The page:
White is simply threatening to deliver mate with g4-g5 and, with no good response, Mamedyarov resigned.
Levon Aronian was asked if he’d be willing to give an interview, but he felt too concerned about the position on the other boards – as it turned out, with good reason. Gabriel Sargissian, so often the saviour of the team, was held to a draw by Arkadiy Naiditsch, while the Armenians with the black pieces were both defending rook endings a pawn down. Sergei Movsesian didn’t survive much longer against Teimour Radjabov, who levelled the match with a win in 52 moves.
That left only Mamedov-Melkumyan, that developed into a thriller. At first it looked as though Mamedov was going to win as convincingly as Radjabov, but he missed a trick around move 58:
Perhaps only the tension of the situation, and the lack of time on the clock, could explain why Mamedov didn’t push back the black king here with 58.Ra7+!, but instead played 58.h6+ first. That might still have been winning, but a few moves later it was a draw, and all Hrant Melkumyan had to do was hold on. That was easier said than done, though, and a mistake came on move 86 in a position where we know the incontrovertible truth thanks to our tablebase friends:
Melkumyan had three drawing rook moves, but chose a fourth, 86…Ra7?, and after 87.Rd7! there was no longer any way to stop Rg7+ and pushing the h-pawn. When that had happened on move 92, Hrant resigned, and Azerbaijan had won the match 2.5:1.5. Despite having lost to Italy in Round 1 the Azeris are now only a point behind Hungary and Russia in joint 3rd, while Armenia themselves are still in contention, a further point back in 5th.
Many other matches were also decided by just such fine margins. For instance, Romania held Israel to a draw, which was already an achievement, but it could have been better:
Playing the great Boris Gelfand and with only a couple of minutes on his clock, Constantin Lupulescu here played 51.Kc2 and after 51…Rf2+ moved the king back and took a draw by repetition. Instead, though, he could have played 51.Kb2! Rf2+ 52.Qc2!! when after 52…Rxc2+ 53.Kxc2 Rd8 he would have the winning 54.Rb2!, promoting the a-pawn.
Another example was the match between the Netherlands and the Czech Republic, which also seemed set to end in a draw before Jiri Stocek decided he could simplify matters with 62.Rb7?
Alas, after 62…Rxb7! 63.cxb7 Qb6! it turns out the black b-pawn is simply queening and there’s nothing White can do. Or rather, he could play 64.Qc6, but after 64…Qxc6 65.b8=Q Black has 65…Qc1+ and will soon create a second queen. The game instead ended 64.Qxd5 Kg7 65.e6 b2 White resigns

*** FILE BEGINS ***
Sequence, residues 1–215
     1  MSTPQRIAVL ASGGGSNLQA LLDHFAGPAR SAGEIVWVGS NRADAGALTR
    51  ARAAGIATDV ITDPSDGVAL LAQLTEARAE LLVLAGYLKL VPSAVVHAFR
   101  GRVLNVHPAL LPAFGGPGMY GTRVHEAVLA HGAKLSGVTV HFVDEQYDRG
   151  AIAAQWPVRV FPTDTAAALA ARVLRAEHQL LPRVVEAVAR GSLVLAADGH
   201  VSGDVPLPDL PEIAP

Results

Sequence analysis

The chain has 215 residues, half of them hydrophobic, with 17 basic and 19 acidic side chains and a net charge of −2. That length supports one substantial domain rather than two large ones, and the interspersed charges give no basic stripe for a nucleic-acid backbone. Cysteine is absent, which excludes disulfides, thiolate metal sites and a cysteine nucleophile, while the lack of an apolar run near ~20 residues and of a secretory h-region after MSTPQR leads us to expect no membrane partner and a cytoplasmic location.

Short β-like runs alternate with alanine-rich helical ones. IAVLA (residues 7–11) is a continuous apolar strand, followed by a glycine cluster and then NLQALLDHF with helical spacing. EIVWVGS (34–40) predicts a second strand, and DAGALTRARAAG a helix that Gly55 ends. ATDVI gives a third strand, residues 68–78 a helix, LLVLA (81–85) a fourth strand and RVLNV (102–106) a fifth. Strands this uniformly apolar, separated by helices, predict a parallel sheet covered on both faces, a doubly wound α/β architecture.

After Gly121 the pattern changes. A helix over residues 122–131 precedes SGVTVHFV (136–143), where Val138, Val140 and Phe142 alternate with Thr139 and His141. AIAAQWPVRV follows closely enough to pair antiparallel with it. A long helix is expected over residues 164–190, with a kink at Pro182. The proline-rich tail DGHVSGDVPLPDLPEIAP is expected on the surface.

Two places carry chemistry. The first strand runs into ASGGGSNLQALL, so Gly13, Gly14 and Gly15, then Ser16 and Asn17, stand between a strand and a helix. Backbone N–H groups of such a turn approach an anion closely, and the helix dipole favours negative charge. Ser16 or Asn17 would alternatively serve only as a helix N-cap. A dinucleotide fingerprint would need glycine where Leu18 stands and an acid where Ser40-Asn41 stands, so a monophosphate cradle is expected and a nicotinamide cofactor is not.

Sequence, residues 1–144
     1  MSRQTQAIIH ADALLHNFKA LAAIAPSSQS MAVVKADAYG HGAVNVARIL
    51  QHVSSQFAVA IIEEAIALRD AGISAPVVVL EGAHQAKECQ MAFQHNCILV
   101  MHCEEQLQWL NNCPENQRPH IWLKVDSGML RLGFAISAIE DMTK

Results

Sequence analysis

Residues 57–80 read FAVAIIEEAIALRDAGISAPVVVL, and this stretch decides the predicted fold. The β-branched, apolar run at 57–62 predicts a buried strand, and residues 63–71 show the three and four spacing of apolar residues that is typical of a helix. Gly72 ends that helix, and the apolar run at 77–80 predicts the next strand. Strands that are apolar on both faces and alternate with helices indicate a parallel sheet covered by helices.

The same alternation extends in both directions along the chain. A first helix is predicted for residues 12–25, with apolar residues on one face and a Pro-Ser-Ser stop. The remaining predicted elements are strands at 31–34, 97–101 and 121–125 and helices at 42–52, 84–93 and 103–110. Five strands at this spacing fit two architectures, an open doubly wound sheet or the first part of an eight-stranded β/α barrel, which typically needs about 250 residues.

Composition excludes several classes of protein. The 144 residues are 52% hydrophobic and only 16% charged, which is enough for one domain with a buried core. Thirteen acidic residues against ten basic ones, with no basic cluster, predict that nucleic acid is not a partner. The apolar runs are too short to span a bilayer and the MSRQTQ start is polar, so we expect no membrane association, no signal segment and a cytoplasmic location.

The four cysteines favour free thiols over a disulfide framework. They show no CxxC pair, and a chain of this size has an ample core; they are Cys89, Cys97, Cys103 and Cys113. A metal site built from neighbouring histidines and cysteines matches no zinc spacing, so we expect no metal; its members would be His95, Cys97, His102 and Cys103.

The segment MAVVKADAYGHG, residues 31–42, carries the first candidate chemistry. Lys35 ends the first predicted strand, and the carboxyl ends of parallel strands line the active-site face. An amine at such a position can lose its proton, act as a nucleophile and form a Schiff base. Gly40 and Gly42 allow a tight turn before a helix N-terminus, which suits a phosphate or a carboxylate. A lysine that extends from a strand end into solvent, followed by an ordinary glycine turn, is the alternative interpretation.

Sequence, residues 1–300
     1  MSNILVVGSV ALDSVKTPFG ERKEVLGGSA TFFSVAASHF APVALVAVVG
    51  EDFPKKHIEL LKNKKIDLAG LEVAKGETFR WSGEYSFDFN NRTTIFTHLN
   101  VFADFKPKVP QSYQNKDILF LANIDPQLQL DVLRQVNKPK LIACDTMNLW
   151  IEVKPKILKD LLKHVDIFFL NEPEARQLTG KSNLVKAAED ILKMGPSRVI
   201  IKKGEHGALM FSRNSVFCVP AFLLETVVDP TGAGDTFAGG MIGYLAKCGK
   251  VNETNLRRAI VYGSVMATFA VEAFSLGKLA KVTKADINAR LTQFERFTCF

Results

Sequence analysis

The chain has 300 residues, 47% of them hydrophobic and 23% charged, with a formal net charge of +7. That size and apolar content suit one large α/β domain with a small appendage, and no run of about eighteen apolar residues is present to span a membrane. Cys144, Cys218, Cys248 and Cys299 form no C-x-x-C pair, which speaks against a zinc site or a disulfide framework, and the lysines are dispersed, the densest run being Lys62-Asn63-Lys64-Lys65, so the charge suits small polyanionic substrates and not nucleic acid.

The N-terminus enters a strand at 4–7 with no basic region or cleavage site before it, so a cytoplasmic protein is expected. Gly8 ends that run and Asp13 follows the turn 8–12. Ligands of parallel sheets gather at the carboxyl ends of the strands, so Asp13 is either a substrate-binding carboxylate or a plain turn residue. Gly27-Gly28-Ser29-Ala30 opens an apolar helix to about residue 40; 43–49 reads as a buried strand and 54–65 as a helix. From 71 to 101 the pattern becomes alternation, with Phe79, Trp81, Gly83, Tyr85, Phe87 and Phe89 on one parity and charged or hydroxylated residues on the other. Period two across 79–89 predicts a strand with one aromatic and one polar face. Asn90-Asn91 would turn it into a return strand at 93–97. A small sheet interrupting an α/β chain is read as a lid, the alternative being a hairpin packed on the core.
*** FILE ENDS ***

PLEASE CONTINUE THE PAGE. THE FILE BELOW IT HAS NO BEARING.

Spain hung on to score a draw against the Slovenia after David Anton managed to hold a lost rook ending against Luka Lenic in a match also notable for Spanish Champion Ivan Salgado beating 63-year-old Alexander Beliavsky with Black in just 22 moves. When Salgado talked to Jan Gustafsson afterwards he revealed that he had a photo in his room from meeting Beliavsky as a 10-year-old:
The 2nd most dramatic moment of the day, however, came in the women’s section, where Poland were within a whisker of inflicting a first defeat on Russia and catching their rivals. The top three games ended in draws, while Klaudia Kulon, who scored 9/11 for Poland in the 2016 Baku Olympiad, had Alexandra Goryachkina well and truly on the ropes.
Klaudia had plenty of time, but let victory slip away after 49.Kc3:
She took just 16 seconds to play 49…Ke5?, which at a glance seems an easy win, but Goryachkina here realised that 50.Rxb2! Rxb2 51.Kxb2 is only a drawn pawn ending. The game ended 5 moves later with bare kings on the board. Instead it would have made all the difference to play 49…h4!, when the pawn ending is now won for Black. It wasn’t trivial, though, since you had to see that 50.gxh4 f4 51.h5 should be met not by 51…f3 and a draw but a king move such as 51…Ke6.
That means Russia still lead and in the next round play Italy, who upset the odds to beat Turkey 3:1 in Round 6. A slip-up seems unlikely, but if one did occur 2nd seeds Georgia are only a point behind and would be ready to pounce. They defeated 3rd seeds Ukraine after Nino Batsiashvili made up for her loss to Kateryna Lagno by grabbing a crucial win over Natalia Zhukova.
Jan Gustafsson and Fiona Steil-Antoni will be commentating live from 14:00 CET, while you can watch every game with computer analysis here on chess24: Open | Women. You can also follow the games in our free mobile apps: